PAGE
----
Forum for Science, Industry and Business

Sponsored by:     3M 
Search our Site:

 

New Dialysis Catheter Reduces Thrombus Accumulation

11.03.2010
r4 Vascular announces the commercial availability of the new DuraspanTM Biomimetic Coated long-term hemodialysis catheter.

A novel coating on the catheter surface mimics the glycocalyx layer found on natural endothelial tissue surfaces in vessel walls. Laboratory tests of the DuraspanTM catheter have demonstrated an 87% reduction in platelet adhesion and thrombus accumulation compared to uncoated catheters.

According to Kyle Smith, DO, Vascular Access Center of Southwest Louisiana, “Thrombus accumulation is one of the leading causes of failure among long-term hemodialysis catheters. Initially, thrombus may cause reduced flow rates, significantly decreasing the efficiency of even the largest catheters. Ultimately, thrombus may have catastrophic effects to the patient as it may prevent use of the venous access site for permanent forms of dialysis. My experience with DuraspanTM thus far has shown excellent performance and patency.”

Studies have shown almost 30% of prevalent hemodialysis patients use catheters for vascular access. Catheter complications are a major cause of morbidity and mortality for hemodialysis patients and increase the burden on the health care system. Surface treated catheters have been developed to combat the three most common causes of catheter failure: infection, fibrin sheath formation and thrombus formation. Thrombotic reducing coatings reduce platelet adhesion, inhibit the inflammatory response, and reduce thrombus formation on coronary stents, ventricular assist devices, central venous catheters, and vascular grafts.[1]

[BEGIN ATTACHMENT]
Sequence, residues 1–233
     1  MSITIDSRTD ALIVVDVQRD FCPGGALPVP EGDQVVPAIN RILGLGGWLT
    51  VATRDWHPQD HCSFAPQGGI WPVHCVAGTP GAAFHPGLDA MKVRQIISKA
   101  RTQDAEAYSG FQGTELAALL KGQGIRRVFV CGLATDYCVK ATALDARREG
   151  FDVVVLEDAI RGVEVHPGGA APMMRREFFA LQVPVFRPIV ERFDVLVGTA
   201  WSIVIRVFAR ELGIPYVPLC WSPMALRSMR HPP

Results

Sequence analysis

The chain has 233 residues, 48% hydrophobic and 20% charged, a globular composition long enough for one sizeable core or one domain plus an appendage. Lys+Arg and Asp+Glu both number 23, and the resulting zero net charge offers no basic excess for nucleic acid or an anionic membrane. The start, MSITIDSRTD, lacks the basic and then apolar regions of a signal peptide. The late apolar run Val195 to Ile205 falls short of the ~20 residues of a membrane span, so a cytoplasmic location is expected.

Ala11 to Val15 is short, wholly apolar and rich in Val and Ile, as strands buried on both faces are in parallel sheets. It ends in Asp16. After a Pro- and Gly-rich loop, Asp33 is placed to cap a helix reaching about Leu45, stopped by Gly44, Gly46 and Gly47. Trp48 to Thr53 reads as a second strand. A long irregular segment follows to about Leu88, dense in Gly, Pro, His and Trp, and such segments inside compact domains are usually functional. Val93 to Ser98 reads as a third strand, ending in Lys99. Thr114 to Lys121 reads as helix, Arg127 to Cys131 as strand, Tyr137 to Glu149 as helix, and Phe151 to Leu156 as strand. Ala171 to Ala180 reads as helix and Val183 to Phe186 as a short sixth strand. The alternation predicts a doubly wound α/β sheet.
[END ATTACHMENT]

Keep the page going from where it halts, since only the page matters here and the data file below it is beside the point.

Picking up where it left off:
R4 is committed to improving dialysis patient catheter outcomes according to r4 Vascular’s President, Don Geer, “physicians have long thought that if one was able to make the catheter less recognizable as a foreign object in the body it could revolutionize catheter-based hemodialysis. Developing the catheter, r4 Vascular engineers utilized stealth coating technologies, approaching the thrombus problem by camouflaging the catheter in a biomimetic coating.” The catheter is available in either a 3.5cm tip stagger or a 7cm tip stagger version, providing reduced recirculation.

R4 will be “launching” sales of the catheter at the S.I.R. (Society of Interventional Radiology) conference March 13th through March 18th in Tampa, FL.

The DuraspanTM hemodialysis catheter is part of r4 Vascular’s technologically-advanced portfolio of products for the vascular access marketplace. In 2009, r4 Vascular launched the Zeus™ Biomimetic Coated CT PICC which is the first non-valved PICC to receive FDA clearance for saline-only maintenance, the company also launched the Pherocious Apheresis catheter which is the first power-injectable, triple lumen Apheresis catheter.

r4 Vascular is a privately-held vascular access company driving innovation in vascular access medical technology. r4's passion is “uncomplicating” venous access, chemotherapy, and drug delivery, through product improvements that help catheters remain patent and effective, with reduced risk of complications.

[1] Dwyer A. Reducing Tunneled Hemodialysis Catheter Morbidity : Surface Treated Catheters-A Review. Seminars in Dialysis-Vol 21, No 6 (November-December) 2008. 542-546.

Don Geer | r4 Vascular
Further information:
http://www.r4vascular.com

More articles from Medical Engineering: